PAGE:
Fulbright scholar Clareine Nzeza N'lambi tells us how the IELP program broadened her horizons and prepared her for her master's program in Education.
NAME: Clareine Nzeza N'lambi
HOMETOWN: Kinshasa, Democratic Republic of the Congo
PROGRAM: Intensive English Language Program
CENTER: How did you hear about Temple?
CLAREINE: I am Fulbright scholarship student, which is an award that is given by the US Department of State. I was selected from my country and as part of the program, I was required to attend a pre-academic program at Temple before starting my master’s degree.
CENTER: What was your first impression when you visited?
CLAREINE: I thought that people were really friendly! When I came during Orientation, I finally met Emily and Courtney, after I had been emailing them when I was in the Congo. I appreciated Orientation week because we learned a lot through visits and tours.
CENTER: What helped you improve your English?
CLAREINE: I was not really confident about writing in English when I was in my country. When I arrived here, I took a writing class with Kathleen and I became more confident. When she gave a writing assignment, I felt like I could write naturally without struggling.
CENTER: What did you do in your service learning class?
CLAREINE: We visited many service institutions like SHARE food program, a homeless shelter and a nursing home. I also did my own project where I worked with Cradles to Crayons, which is an organization that works with disadvantaged children in Philadelphia. I was impressed to see hundreds of volunteers coming from churches and family organizations to pack food and clothes for children. It was really nice to see that American people have a sense of giving back to the community and helping others.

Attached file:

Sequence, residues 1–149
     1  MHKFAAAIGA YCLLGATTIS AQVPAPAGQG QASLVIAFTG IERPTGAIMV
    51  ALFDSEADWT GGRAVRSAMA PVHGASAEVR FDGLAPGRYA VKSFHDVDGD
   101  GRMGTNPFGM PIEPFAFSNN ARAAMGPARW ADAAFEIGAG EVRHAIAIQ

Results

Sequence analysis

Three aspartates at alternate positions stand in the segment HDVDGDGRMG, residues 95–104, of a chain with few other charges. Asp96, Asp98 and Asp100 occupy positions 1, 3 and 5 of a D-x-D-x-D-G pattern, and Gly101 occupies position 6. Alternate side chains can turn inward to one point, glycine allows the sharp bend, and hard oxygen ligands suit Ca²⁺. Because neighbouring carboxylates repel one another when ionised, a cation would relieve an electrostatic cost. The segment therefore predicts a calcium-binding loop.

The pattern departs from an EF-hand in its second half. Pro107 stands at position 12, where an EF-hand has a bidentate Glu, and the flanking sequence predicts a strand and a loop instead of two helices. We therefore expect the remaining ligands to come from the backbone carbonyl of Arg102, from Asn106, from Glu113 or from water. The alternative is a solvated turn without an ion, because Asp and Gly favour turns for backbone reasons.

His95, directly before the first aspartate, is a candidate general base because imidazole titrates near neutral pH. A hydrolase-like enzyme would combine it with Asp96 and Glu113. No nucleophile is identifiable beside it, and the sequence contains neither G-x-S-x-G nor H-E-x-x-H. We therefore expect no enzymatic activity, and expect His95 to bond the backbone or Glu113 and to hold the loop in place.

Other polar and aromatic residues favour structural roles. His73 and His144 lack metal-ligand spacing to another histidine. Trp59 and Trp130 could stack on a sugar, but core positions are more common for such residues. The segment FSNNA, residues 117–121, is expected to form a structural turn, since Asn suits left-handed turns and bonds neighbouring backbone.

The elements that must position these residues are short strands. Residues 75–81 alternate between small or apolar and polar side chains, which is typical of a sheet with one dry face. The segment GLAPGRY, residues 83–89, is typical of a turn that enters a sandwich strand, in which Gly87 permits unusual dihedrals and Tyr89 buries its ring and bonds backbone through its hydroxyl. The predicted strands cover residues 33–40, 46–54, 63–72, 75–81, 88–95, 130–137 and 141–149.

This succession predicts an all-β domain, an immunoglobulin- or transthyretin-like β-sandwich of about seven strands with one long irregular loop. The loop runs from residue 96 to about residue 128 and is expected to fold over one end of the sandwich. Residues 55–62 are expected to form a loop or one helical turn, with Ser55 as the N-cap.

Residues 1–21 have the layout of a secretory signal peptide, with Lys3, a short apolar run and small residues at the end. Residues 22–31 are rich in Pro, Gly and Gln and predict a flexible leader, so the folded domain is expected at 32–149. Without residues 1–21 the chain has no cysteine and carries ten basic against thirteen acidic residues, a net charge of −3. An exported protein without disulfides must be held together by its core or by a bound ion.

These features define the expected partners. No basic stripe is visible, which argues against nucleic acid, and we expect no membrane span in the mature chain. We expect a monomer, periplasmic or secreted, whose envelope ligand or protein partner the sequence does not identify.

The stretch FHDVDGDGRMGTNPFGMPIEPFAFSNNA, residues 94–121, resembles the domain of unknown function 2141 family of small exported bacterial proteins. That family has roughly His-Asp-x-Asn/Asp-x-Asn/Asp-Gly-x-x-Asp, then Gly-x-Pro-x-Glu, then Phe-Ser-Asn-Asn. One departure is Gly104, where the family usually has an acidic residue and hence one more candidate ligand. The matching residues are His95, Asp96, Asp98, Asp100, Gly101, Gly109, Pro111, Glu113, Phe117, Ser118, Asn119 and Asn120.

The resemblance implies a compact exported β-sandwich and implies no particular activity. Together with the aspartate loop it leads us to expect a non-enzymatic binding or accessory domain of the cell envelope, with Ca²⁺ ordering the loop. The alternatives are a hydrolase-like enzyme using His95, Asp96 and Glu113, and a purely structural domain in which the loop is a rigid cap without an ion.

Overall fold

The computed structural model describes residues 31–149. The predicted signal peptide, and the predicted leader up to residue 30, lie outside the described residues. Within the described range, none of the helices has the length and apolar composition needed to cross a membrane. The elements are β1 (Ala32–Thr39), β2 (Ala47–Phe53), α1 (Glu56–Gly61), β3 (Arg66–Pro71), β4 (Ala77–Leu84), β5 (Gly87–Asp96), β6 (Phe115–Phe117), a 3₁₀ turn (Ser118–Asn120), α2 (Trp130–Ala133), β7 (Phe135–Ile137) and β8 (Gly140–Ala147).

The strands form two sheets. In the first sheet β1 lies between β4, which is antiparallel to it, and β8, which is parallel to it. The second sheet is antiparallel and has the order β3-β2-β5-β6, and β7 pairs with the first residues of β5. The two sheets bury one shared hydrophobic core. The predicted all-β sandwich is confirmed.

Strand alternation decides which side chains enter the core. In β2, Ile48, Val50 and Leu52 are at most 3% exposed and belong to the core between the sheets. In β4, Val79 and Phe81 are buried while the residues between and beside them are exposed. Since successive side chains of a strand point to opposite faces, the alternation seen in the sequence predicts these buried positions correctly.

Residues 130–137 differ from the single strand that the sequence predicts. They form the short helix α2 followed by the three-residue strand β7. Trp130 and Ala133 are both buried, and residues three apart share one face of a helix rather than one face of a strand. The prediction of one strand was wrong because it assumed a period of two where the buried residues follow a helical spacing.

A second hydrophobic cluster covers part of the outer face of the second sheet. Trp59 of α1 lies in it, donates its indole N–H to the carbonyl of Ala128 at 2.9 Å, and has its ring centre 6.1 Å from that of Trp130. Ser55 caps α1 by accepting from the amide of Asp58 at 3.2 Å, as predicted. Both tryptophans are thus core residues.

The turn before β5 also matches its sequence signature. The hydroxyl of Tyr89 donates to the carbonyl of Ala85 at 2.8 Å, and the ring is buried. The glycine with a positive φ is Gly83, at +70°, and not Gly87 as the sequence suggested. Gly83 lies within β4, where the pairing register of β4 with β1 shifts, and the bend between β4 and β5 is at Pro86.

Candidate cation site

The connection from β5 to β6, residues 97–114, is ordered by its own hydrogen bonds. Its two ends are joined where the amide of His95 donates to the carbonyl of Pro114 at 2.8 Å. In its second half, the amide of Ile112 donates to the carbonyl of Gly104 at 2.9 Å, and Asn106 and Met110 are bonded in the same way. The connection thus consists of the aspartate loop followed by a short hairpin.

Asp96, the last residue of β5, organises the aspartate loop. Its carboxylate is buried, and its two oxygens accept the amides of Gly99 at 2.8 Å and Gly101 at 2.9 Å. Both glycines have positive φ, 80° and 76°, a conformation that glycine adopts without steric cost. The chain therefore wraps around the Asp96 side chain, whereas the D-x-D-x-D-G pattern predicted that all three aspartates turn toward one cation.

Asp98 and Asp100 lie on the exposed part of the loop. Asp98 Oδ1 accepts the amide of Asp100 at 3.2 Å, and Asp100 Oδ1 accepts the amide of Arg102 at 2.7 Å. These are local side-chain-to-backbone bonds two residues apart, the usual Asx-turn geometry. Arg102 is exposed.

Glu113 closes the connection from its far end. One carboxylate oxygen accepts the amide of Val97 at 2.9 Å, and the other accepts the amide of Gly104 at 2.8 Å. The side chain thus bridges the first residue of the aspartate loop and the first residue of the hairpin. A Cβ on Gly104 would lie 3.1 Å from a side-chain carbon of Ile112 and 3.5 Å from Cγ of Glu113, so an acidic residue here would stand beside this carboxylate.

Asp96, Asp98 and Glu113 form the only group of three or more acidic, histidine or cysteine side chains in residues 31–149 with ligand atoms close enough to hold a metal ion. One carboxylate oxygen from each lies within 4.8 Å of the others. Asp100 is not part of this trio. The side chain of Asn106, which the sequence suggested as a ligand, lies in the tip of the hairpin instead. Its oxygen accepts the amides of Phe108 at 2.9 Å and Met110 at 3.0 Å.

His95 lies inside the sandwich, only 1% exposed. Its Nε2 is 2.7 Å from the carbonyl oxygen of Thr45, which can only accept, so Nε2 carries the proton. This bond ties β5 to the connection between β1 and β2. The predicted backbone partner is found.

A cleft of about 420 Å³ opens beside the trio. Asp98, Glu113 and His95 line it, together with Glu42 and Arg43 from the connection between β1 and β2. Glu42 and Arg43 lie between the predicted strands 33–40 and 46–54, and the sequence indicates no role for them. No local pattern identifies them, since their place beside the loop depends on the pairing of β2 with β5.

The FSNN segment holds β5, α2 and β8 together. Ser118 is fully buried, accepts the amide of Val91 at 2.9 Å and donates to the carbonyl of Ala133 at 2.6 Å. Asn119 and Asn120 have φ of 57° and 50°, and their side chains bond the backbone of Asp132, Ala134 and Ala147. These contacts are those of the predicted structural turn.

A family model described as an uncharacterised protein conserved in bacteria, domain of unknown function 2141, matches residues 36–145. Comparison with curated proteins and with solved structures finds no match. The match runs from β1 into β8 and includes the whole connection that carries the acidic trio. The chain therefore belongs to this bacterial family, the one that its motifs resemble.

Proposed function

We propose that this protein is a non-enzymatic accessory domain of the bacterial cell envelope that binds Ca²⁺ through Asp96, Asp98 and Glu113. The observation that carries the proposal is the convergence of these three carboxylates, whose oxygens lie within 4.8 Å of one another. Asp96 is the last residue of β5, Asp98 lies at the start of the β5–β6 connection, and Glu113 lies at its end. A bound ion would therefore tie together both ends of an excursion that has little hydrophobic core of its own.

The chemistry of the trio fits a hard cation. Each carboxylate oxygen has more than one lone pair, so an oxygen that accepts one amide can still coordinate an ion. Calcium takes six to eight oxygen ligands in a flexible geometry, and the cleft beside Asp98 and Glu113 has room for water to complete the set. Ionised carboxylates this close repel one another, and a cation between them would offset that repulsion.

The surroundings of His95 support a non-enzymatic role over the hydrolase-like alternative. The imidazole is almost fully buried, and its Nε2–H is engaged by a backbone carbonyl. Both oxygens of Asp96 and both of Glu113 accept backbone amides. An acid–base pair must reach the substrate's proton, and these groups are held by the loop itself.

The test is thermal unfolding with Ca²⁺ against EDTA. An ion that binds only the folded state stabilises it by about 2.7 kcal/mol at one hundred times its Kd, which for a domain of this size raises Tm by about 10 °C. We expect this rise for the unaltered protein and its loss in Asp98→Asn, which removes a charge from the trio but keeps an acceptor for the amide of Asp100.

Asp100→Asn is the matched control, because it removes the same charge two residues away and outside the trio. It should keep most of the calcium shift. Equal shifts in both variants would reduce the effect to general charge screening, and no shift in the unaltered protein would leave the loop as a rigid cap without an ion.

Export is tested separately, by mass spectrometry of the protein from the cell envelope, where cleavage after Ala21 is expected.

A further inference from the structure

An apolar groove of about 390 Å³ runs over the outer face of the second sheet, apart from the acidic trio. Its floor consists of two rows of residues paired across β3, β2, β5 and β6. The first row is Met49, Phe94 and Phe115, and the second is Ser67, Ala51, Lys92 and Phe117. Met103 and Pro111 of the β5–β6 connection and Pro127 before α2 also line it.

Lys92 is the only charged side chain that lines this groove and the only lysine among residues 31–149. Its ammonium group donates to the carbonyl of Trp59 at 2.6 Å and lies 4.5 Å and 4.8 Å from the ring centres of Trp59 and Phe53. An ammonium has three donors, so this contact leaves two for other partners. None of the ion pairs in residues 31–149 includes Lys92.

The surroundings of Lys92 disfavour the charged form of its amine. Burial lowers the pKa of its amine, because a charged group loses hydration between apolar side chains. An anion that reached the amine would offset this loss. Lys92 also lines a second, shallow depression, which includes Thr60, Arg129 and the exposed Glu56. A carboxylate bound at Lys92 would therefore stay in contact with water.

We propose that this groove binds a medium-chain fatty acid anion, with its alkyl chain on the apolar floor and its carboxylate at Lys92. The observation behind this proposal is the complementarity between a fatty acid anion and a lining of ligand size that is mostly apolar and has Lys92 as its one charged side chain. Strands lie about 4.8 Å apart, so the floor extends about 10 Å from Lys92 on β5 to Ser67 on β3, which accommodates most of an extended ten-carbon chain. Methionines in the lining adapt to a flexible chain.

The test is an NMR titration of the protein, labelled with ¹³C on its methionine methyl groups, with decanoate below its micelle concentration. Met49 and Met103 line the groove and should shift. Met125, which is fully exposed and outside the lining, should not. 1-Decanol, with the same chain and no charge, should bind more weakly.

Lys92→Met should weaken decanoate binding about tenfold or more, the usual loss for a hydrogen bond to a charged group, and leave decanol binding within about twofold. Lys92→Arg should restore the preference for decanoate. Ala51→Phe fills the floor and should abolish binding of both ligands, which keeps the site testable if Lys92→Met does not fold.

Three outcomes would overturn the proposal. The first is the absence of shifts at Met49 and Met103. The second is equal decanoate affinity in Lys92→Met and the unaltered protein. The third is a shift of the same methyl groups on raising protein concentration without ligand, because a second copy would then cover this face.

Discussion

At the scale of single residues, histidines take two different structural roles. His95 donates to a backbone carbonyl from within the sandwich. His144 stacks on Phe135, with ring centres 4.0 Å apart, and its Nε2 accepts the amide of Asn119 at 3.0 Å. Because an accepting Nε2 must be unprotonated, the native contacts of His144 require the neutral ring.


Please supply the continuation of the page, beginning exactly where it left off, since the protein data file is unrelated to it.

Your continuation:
CENTER: What was your favorite thing that you saw or did while at Temple?
CLAREINE: My favorite thing was visiting Old City in Philadelphia. I learned about how the Constitution was signed in Philadelphia, and I felt like I was in a very historic city. I also participated in the 4th of July parade. It was really fun to see how American people celebrate Independence Day!
CENTER: If I had only 24 hours to spend in your home country, what would you tell me to see or do?
CLAREINE: It is located in Central Africa, so we have a lot of mountains, which is great if you like hiking. We also have one type of monkey called the bonobo - they are only found in my country!
CENTER: What’s your favorite traditional meal from your home country?
CLAREINE: I like Pondu, which is like cassava, a vegetable leaf that we pound and mix with palm oil and rice.
CENTER: Did you have a favorite American food?
CLAREINE: It was my last day of the program and I thought, “I cannot leave Philadelphia without trying a cheesesteak!” And I liked it!
CENTER: What have you been doing since you finished the program?
CLAREINE: Right now I am in St. Cloud, Minnesota where I started my master’s degree in Educational Leadership. I have been passionate about education since I was very young. My dream is to one day become the Minister of Education in my country. I believe that education is the base of everything in society and we must provide education to children, and I am a Global Youth Ambassador for the Congo. I have to take this opportunity to learn more while I’m in the U.S.
CENTER: What was it like being in a program with people from so many different countries?
CLAREINE: It was a good way for me to improve my English. There were classmates who were not all on the same level, which taught me to be patient when I had to learn to explain myself more than once and use other words. It tested my vocabulary. Also, my roommate was from Russia and she taught me how to prepare for living in Minnesota, because in the Congo we don’t have winter!
CENTER: What was your favorite part of the program and what advice would you give to incoming students?
CLAREINE: Service learning was my favorite class because I was able to go out and interact with native American people, which was the best way for me to improve my language. I would tell other students to come to the U.S. and to not be afraid. The instructors are really kind and patient, even if you have a really low level of English. Just be open-minded and ready to receive comments from others. You have something to share about your own country to build relationships.